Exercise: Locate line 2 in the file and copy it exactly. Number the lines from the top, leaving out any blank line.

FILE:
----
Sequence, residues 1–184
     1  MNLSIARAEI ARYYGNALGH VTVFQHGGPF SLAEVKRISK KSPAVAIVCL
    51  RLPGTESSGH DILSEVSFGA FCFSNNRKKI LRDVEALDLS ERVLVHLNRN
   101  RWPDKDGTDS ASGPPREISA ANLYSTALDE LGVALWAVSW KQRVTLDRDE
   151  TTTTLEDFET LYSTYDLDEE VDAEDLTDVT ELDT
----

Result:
     1  MNLSIARAEI ARYYGNALGH VTVFQHGGPF SLAEVKRISK KSPAVAIVCL